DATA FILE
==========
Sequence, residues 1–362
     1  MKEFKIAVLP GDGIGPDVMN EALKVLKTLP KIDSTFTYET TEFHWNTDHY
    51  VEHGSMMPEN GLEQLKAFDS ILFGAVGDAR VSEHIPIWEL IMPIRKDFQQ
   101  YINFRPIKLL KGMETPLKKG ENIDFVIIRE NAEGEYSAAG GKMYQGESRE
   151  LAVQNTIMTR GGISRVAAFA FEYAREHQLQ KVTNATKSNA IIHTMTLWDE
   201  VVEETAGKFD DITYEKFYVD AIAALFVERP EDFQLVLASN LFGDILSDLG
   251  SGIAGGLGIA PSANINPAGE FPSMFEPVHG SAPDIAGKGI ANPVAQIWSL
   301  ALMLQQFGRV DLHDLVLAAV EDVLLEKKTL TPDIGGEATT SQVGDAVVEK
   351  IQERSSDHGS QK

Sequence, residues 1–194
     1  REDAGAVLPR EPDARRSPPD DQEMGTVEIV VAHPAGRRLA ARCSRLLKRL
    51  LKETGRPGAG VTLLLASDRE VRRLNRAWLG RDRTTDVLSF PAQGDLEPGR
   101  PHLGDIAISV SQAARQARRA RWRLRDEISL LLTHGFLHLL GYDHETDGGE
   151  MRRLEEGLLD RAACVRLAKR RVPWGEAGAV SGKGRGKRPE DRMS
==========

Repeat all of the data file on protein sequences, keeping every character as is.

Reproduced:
Sequence, residues 1–362
     1  MKEFKIAVLP GDGIGPDVMN EALKVLKTLP KIDSTFTYET TEFHWNTDHY
    51  VEHGSMMPEN GLEQLKAFDS ILFGAVGDAR VSEHIPIWEL IMPIRKDFQQ
   101  YINFRPIKLL KGMETPLKKG ENIDFVIIRE NAEGEYSAAG GKMYQGESRE
   151  LAVQNTIMTR GGISRVAAFA FEYAREHQLQ KVTNATKSNA IIHTMTLWDE
   201  VVEETAGKFD DITYEKFYVD AIAALFVERP EDFQLVLASN LFGDILSDLG
   251  SGIAGGLGIA PSANINPAGE FPSMFEPVHG SAPDIAGKGI ANPVAQIWSL
   301  ALMLQQFGRV DLHDLVLAAV EDVLLEKKTL TPDIGGEATT SQVGDAVVEK
   351  IQERSSDHGS QK

Sequence, residues 1–194
     1  REDAGAVLPR EPDARRSPPD DQEMGTVEIV VAHPAGRRLA ARCSRLLKRL
    51  LKETGRPGAG VTLLLASDRE VRRLNRAWLG RDRTTDVLSF PAQGDLEPGR
   101  PHLGDIAISV SQAARQARRA RWRLRDEISL LLTHGFLHLL GYDHETDGGE
   151  MRRLEEGLLD RAACVRLAKR RVPWGEAGAV SGKGRGKRPE DRMS